“And as far as I can see the world is too old for us to talk about it with our new words ― We will pass just as quietly through life (passing through, passing through)”
Jack Kerouac, Big Sur
It’s been my first forage into the murky literary wilderness of the iconic Jack Kerouac, (Jack would call this wildnerness “goopy”, in the same way he was prone to describe the foggy, pre-dawn streets of San Francisco) and as I invest my time in this thing called Big Sur – one reader’s masterpiece and another’s crap – I am witness to one underlying question, replaying itself in my mind. What happened to this guy? What caused his life to go from low to high to lowest low?
And the reason for this repetitive question seems obvious to me when I think about it, for in following his recollections of a two-month-long binge during the summer of 1960, I am frightened by the similarities between his observations and reflections on the world to my own. Those reflections come in the midst of his steady spiral into madness, and I can’t help but wonder – if this mental unraveling happened to Jack, could it happen to me? Is it already happening?
But there are differences between Jack and me, and I’m not talking about the fact that he was famous and a far more talented writer and better looking than me, and that he had one of the coolest writer names of all time. In fact, Jack Kerouac dulled the incessant noise of all those questions he had (and all of us writers have) about life by ingesting large amounts of booze. Fortunately, I’m a near life-long teetotaler, so I needn’t worry about alcohol taking me down. But the questions don’t go away, do they? No, they never do.
Three occasions in this particular memoir, Kerouac’s character attempts to escape the dogged pursuit of madness by retreating to a friend’s cabin in Big Sur – a place of solace where he might confront the questions. I like to retreat sometimes as well. I don’t have a cabin I can escape to, so instead I choose a park with a trail in it. It’s a public park, so there are always other people around, which is okay with me; I rather enjoy passing people on the trail and exchanging a slight raise of the chin and the eyebrows; using that park-walker sign language, we’re saying to each other, “Yes, yes! We’ve discovered something, you and I, have we not?”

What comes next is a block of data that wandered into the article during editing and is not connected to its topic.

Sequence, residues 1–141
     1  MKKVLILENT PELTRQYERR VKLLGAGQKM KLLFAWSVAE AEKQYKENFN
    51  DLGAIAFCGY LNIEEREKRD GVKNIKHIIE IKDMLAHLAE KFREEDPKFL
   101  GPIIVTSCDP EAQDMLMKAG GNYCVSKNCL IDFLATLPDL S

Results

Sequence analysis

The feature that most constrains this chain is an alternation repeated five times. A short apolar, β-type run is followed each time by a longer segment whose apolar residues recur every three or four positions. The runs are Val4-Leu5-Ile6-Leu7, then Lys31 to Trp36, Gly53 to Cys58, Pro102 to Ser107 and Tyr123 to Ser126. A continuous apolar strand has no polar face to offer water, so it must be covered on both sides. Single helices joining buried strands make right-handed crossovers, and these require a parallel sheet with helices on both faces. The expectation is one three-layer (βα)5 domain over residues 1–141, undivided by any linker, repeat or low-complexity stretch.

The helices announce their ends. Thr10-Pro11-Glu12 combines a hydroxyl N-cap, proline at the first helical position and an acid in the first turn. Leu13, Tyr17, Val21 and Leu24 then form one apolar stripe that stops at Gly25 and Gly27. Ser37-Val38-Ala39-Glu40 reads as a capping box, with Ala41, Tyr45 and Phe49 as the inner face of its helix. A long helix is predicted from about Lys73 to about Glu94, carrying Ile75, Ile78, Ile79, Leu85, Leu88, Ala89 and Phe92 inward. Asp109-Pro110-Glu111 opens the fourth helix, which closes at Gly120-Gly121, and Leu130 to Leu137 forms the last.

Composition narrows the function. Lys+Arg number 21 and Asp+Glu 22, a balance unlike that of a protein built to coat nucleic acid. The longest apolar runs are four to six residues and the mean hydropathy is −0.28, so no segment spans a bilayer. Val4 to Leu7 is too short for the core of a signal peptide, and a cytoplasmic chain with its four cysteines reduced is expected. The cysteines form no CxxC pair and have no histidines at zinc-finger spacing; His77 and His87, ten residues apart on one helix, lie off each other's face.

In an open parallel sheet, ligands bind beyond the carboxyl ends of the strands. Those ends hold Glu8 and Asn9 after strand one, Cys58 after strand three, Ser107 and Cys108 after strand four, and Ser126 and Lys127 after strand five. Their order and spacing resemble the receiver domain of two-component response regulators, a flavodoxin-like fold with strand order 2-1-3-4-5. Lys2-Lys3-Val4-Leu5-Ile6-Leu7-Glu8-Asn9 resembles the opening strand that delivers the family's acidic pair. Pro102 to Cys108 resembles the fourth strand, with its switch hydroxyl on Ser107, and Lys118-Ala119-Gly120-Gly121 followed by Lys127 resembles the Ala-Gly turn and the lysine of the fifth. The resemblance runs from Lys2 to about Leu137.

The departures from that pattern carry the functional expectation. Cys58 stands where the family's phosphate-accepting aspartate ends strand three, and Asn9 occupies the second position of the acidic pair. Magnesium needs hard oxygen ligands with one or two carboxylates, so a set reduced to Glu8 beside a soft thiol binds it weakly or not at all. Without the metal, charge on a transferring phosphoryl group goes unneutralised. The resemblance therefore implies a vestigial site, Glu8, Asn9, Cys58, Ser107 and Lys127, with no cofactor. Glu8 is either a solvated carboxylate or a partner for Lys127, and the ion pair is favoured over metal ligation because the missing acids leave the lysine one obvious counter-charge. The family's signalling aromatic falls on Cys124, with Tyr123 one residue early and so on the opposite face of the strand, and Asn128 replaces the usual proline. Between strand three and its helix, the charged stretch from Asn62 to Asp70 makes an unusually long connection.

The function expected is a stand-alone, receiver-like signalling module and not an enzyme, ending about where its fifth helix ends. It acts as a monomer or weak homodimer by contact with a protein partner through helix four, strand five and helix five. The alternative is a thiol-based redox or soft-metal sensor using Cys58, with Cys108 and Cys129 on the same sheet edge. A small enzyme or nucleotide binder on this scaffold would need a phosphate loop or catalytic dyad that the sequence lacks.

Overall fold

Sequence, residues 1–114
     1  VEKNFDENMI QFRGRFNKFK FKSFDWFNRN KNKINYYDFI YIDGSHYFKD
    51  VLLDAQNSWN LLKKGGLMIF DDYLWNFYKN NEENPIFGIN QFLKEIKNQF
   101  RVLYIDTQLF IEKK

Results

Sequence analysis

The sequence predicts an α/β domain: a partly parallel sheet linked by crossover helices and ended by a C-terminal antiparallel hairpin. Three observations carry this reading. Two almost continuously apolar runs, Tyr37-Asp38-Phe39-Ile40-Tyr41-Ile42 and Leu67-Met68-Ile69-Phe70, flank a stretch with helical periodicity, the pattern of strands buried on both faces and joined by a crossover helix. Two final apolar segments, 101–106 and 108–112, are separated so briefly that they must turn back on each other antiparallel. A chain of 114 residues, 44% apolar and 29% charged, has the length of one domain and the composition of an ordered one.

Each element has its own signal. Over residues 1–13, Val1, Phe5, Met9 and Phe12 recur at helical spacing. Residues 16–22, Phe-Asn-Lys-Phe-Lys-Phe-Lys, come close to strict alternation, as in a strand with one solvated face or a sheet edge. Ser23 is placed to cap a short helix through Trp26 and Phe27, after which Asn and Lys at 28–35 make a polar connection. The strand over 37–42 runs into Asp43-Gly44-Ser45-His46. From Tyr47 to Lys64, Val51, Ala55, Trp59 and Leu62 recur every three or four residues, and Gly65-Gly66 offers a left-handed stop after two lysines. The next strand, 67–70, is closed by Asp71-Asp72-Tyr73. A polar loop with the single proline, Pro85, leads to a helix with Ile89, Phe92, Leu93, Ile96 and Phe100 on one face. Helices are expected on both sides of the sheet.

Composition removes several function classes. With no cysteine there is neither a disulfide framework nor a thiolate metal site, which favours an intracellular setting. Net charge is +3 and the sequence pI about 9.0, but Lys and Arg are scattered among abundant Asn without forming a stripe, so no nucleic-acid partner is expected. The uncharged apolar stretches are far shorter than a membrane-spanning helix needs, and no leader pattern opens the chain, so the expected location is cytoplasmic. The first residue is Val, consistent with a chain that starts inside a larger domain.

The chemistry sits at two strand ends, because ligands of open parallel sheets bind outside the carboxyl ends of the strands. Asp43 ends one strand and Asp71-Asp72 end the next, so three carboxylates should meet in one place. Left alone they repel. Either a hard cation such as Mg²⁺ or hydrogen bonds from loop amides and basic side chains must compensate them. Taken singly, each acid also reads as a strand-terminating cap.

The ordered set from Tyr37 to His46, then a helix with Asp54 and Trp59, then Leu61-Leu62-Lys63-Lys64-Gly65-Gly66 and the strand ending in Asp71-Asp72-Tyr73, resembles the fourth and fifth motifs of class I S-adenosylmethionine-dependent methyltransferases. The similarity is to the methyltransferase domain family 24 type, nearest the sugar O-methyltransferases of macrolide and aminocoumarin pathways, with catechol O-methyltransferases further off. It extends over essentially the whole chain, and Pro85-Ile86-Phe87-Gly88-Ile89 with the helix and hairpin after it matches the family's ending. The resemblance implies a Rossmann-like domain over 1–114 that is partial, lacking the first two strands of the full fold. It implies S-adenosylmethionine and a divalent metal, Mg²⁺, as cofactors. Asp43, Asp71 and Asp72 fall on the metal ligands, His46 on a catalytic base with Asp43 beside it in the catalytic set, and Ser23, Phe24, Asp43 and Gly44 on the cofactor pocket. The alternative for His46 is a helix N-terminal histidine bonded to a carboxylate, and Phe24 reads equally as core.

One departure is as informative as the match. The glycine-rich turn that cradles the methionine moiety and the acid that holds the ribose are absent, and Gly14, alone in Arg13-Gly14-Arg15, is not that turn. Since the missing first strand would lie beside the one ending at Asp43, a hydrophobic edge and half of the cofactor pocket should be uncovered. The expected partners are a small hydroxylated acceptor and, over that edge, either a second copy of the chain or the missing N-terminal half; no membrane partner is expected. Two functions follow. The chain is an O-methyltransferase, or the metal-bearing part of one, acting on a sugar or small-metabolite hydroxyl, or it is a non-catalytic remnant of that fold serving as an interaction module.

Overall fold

There’s a spot I enjoy along the trail of the park; it overlooks a field with a creek flowing through it. I think the field may grow pumpkins in the Fall, but during these late Winter days, it contains a sort of grassy, muddy soup. Beyond the soup field, there is a busy road – a flow of scurrying cars upon it, a steady band of efficient folks, going about their important duties (passing through, passing through), and there I stand in my spot, inefficient, getting nothing done. For some reason, I find this spot grants me permission.
“Let them scurry along!” a voice says to me. “We can remain here, can’t we? Yes we can; yes we can.”
I enjoy smoking a cigar at twilight. The unique visibility of the smoke at that hour appeals to me most profoundly. If you’ve never smoked outdoors at twilight, you may not realize the distance your own breath can carry out into the world before it dissipates into a swirl – intermingling with the breath of a million fellow creatures before it rejoins the perpetual, entropic dance of the universe. There is me, I think as I watch my breath float ten, twenty, thirty yards or more, There’s a piece of me, floating into the evening blue. Where will it go? Of whom or what will that piece of me become a part?
There’s a term we’ve come to use in our society, “Life gets in the way.” We tend to pull that phrase out when we want to explain why we’ve failed to get together with someone we enjoy communing with, or when we can’t seem to find time to engage in activities that make our hearts come alive. I’ve dissected that phrase recently and have come to the unequivocal conclusion it is complete bullshit. What if I pair the phrase “Life gets in the way” with “the point of life is to get stuff done”?
It seems to me that the majority of us have pushed Life out of the way – forsaken Life in deference to a world of demands. Perhaps we need to give ourselves permission.
I wonder if Jack Kerouac ever gave himself permission – to be, rather than the holy father of the beat generation, just a man who loves to write poetry, with or without the adulation of all those starry-eyed beatniks. If he had given himself permission, maybe he could have escaped his fate.
Probably not, though. The man did love to party.
What do you need to give yourself permission to do?